Paint Rollers for Frieze Patterns.

Age 11 to 16
Article by Toni Beardon

Published 2010

Tile pattern from Palacio de Velazquez, Parque de Retiro, Madrid, Spain

Frieze patterns are formed by repeating copies of one small bit of the pattern (the motif) over and over again by translation, rotation and reflection. The identification of the symmetries in the pattern (the transformations which map the pattern into itself) is independent of the motif. All frieze patterns involve translations in one direction only and patterns involving translations in two directions are called wallpaper patterns. Classification of these symmetries using group theory shows that there are exactly seven frieze patterns and seventeen wallpaper patterns.

This article provides an introduction to the classification of frieze patterns by reducing the problem to studying the symmetries of a cylinder. It will be an advantage if you have never met frieze groups but in any case pause now and think about all the symmetries of a cylinder that you can visualise.

It is intuitively obvious that the cylinder can be used as a paint roller so that if a pattern is embossed on it, the pattern can be transferred to paper by repeating it over and over again in a strip with each revolution of the cylinder. Conversely, given a frieze pattern on a piece of paper one can wrap the paper around a cylinder of a suitable radius in such a way that the pattern is produced once and only once on the cylinder. For the purposes of this work we consider symmetries of the cylinder other than those involving rotations about the axis of the cylinder which would correspond to the frieze pattern being copied more than once on the surface of the cylinder.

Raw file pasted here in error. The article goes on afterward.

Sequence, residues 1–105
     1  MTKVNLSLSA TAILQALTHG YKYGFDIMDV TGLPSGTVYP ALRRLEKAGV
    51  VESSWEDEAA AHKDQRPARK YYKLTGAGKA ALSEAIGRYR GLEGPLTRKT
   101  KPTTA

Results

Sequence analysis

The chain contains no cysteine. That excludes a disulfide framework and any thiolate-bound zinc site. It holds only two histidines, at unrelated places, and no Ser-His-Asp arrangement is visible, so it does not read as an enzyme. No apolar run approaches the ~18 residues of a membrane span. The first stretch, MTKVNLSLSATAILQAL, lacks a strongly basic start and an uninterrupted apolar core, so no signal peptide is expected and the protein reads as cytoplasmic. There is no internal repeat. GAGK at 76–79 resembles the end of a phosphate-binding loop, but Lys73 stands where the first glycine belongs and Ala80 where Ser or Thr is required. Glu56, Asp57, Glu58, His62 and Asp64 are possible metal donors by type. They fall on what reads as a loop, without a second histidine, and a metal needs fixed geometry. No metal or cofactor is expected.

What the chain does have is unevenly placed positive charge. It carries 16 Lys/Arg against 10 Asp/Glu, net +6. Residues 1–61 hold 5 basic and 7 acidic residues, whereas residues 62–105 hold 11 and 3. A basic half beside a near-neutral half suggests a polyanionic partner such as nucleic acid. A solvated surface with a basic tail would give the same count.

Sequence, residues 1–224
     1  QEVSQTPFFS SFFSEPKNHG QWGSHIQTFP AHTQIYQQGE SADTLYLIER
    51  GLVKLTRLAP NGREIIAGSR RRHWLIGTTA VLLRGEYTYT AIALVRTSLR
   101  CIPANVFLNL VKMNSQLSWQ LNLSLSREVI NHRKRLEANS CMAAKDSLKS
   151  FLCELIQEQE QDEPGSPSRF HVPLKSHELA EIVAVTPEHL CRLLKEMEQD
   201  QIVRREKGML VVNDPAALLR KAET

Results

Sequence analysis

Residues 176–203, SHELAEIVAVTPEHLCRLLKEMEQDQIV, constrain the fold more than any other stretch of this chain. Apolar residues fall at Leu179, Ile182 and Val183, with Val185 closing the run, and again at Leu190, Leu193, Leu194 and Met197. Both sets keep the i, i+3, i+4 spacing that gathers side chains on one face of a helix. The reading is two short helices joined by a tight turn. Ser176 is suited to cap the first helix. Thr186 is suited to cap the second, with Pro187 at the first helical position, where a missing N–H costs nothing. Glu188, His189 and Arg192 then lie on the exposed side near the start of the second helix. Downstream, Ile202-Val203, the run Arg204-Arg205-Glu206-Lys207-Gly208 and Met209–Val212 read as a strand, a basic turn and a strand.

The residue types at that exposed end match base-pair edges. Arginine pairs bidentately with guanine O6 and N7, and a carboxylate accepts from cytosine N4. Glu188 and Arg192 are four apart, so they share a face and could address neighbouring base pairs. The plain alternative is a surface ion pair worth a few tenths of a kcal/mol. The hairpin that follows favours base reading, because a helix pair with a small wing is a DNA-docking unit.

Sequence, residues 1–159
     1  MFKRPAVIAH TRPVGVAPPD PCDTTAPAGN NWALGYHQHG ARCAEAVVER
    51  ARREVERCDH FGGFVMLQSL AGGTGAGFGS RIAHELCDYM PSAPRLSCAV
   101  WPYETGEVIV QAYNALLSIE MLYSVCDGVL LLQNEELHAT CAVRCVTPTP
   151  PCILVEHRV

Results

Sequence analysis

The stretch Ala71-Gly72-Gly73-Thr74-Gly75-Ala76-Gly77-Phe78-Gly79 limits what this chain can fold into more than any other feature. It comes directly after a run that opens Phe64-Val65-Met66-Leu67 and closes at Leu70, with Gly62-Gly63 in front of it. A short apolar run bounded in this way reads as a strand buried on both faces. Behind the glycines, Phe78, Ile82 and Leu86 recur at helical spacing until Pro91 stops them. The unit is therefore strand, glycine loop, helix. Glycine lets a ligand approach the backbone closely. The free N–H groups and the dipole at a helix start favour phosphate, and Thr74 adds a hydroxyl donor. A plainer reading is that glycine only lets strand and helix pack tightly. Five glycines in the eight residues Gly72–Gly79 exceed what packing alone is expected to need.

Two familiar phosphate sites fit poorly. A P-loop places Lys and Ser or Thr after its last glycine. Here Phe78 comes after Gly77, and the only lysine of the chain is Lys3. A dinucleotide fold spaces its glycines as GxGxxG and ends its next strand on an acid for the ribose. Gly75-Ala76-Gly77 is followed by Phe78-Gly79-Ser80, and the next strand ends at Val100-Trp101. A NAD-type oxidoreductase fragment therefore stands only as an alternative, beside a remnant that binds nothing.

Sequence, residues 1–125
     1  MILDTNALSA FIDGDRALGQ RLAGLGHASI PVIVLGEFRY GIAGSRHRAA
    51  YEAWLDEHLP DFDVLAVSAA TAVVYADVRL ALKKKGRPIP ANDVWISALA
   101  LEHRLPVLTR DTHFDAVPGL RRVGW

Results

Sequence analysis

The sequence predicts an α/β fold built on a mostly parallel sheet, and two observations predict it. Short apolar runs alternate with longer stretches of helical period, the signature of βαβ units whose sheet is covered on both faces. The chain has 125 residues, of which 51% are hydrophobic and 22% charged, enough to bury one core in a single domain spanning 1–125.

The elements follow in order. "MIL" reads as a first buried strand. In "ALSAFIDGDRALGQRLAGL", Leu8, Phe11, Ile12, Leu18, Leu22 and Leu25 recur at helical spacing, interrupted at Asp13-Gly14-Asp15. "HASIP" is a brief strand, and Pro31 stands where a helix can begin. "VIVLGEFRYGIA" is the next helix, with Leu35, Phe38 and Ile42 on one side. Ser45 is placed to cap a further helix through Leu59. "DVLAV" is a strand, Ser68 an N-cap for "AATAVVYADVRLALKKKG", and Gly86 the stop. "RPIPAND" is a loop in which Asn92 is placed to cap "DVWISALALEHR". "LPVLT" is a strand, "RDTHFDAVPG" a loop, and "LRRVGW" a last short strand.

Frieze patterns and wallpaper patterns occur in the art of many cultures and there is often evidence of exploration of the different possible symmetries. Escher's work was influenced by the frieze and wallpaper patterns he saw on a visit to The Alhambra in Granada, Spain. Some Japanese patterns have to be matched in pairs in one of the NRICH challenges, an NRICH article investigates frieze patterns in car tracks and here is an article by Heather McLeay on frieze groups illustrated by her photos of cast iron railings taken all over the world.
Cast iron railings bangorPhoto by Heather McLeay

The Frieze Tree article provides a systematic way to distinguish one frieze group from another.

We are going to illustrate the seven frieze groups using patterns on a cylinder. With only one footprint on the cylinder the patterned cylinder can only be mapped to itself by the identity transformation $I$. This is the simplest frieze group and the corresponding frieze pattern is made up of repetitions of one footprint as if made by someone hopping along.

cylinder with reflection
With the footstep pattern on the cylinder shown here the only symmetries are the identity transformation and reflection in a plane containing the axis of the cylinder. Suppose you denote this reflection by $Y$ then $Y^2=I$ and the group is $\{I, Y\}$.The group operation for all the groups referred to in this article is combination of the transformations and for simplicity we simply refer to the groups by giving the set of elements.

Imagine printing a frieze pattern using this cylinder as a paint roller and compare the pattern to the frieze at the top of this article. Of course there are infinitely many other groups consisting of the identity and one reflection in a vertical plane through the axis of the cylinder but because they all have an identical structure (isomorphic groups) we classify them as one type.